Conclusion A large proportion of people have asparagus anosmia. Genetic variation near multiple olfactory receptor genes is associated with the ability of an individual to smell the metabolites of asparagus in urine. Future replication studies are necessary before considering targeted therapies to help anosmic people discover what they are missing.

Footnotes

  • Contributors: All authors conceived and designed the study, analyzed the data, and prepared the manuscript. SCM and EN contributed equally to this manuscript. PK and LAM share last authorship. LAM is guarantor.

  • Funding: This work was supported by funding from the National Cancer Institute at the National Institutes of Health (NIH) (UM1 CA167552, R01 HL35464, UM1 CA186107, R01 CA49449, R01 HL034594, R01 HL088521); National Cancer Institute at the NIH training grant (NIH T32 CA09001 to SCM); and the Prostate Cancer Foundation (to LAM and JRR).

  • Competing interests: All authors have completed the ICMJE uniform disclosure form at www.icmje.org/coi_disclosure.pdf and declare: no support from any organisation for the submitted work; no financial relationships with any organisations, including asparagus growers, that might have an interest in the submitted work in the previous three years; no other relationships or activities that could appear to have influenced the submitted work. Furthermore, the authors do not avoid asparagus consumption. Some of the authors report asparagus anosmia; the non-anosmic wish to remain anonymous. However, the first and last authors admit they can both produce and detect the “filthy and disagreeable smell in the urine.”

  • Ethical approval: The study protocols were approved by the institutional review boards of Harvard TH Chan School of Public Health and Partners Healthcare.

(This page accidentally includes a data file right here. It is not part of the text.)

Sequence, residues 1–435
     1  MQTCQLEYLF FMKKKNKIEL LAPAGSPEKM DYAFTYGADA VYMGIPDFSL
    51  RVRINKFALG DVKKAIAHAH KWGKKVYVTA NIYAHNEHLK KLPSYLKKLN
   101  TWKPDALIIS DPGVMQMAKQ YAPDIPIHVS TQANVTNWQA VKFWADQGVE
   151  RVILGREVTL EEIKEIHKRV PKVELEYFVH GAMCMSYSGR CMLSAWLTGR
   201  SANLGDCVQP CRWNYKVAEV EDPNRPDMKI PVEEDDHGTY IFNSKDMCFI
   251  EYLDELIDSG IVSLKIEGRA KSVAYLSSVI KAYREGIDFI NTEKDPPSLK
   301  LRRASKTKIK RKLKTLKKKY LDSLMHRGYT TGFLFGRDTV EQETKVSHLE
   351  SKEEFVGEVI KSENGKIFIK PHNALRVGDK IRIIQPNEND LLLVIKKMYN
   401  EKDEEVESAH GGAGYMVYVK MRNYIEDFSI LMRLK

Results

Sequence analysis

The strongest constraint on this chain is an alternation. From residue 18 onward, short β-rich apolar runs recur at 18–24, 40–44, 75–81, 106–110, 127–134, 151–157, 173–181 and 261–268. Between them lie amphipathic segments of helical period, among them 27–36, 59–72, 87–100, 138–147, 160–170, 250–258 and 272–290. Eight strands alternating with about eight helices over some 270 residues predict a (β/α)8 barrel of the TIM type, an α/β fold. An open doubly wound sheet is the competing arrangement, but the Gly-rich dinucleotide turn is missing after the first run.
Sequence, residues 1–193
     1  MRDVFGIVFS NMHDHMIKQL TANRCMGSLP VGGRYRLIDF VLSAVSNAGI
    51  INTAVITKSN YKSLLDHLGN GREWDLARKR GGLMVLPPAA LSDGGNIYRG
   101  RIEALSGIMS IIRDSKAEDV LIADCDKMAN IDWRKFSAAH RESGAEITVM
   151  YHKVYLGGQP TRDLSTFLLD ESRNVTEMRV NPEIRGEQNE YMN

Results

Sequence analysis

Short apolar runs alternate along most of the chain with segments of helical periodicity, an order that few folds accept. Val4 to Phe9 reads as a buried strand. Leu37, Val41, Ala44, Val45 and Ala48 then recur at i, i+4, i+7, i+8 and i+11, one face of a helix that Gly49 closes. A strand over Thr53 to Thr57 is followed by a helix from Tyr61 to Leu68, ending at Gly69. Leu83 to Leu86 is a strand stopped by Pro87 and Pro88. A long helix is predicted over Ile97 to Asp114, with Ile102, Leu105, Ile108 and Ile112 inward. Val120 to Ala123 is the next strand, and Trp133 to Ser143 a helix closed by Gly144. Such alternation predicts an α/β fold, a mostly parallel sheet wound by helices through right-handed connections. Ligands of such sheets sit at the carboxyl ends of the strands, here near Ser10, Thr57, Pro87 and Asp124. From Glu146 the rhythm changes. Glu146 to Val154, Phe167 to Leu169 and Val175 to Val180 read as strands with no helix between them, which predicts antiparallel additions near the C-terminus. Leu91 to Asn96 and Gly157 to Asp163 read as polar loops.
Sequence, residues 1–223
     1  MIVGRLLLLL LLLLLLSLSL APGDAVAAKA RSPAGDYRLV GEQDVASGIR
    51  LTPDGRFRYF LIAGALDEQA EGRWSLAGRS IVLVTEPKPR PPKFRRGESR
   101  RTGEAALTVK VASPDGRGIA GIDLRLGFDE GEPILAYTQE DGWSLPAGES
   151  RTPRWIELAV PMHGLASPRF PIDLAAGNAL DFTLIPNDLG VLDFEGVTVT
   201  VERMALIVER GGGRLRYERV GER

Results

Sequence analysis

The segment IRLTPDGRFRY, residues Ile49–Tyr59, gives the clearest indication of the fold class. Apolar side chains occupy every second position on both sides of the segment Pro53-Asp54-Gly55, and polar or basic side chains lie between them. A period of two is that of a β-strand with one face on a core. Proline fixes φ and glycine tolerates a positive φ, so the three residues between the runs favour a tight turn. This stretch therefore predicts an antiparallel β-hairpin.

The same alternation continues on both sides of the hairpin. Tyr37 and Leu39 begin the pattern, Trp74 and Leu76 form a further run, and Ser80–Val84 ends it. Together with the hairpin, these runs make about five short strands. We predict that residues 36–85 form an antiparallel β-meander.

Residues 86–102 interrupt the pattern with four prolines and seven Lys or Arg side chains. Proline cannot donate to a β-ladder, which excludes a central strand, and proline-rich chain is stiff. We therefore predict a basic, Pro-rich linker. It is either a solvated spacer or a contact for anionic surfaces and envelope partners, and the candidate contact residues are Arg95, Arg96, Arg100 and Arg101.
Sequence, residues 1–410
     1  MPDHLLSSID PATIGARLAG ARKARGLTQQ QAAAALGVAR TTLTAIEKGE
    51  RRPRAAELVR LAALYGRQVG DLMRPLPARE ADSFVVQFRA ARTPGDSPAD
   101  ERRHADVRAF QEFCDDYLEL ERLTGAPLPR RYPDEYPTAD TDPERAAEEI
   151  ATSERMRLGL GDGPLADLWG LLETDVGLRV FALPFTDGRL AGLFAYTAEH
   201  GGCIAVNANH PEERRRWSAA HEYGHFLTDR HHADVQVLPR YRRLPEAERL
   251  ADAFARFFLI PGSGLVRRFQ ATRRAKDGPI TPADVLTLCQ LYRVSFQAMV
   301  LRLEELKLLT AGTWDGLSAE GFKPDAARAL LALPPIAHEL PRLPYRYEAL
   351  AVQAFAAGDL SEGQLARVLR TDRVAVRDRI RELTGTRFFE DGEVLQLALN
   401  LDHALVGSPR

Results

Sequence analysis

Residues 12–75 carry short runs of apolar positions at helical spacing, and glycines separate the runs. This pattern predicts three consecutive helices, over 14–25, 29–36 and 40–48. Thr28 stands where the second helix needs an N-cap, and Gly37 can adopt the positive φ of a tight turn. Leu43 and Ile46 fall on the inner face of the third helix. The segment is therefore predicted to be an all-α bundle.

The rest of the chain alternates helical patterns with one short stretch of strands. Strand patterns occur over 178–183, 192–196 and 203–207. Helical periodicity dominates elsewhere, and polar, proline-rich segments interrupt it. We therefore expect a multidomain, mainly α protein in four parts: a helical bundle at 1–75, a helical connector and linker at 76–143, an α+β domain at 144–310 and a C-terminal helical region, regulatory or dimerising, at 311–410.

• Data sharing: Data from the genome wide association studies are provided on dbGAP (www.ncbi.nlm.nih.gov/gap), a database on genotypes and phenotypes.

  • Transparency: The lead author (LAM) affirms that the manuscript is an honest, accurate, and transparent account of the study being reported; that no important aspects of the study have been omitted; and that any discrepancies from the study as planned (and, if relevant, registered) have been explained.

  • We thank the participants of the Nurses’ Health Study (NHS) and Health Professionals Follow-up Study (HPFS) for making this study possible and colleagues in the Transdisciplinary Prostate Cancer Partnership (www.topcapteam.org) for lively discussions around asparagus anosmia. The NHS Breast Cancer genome wide association study (GWAS) was performed as part of the cancer genetic markers of susceptibility initiative of the National Cancer Institute. The NHS/HPFS type 2 diabetes GWAS is a component of a collaborative project that includes 13 other GWAS funded as part of the Gene Environment-Association Studies under the National Institutes of Health genes, environment and health initiative. A special thanks to Sonja Swanson for her intellectual and humorous input.

This is an Open Access article distributed in accordance with the Creative Commons Attribution Non Commercial (CC BY-NC 3.0) license, which permits others to distribute, remix, adapt, build upon this work non-commercially, and license their derivative works on different terms, provided the original work is properly cited and the use is non-commercial. See: http://creativecommons.org/licenses/by-nc/3.0/.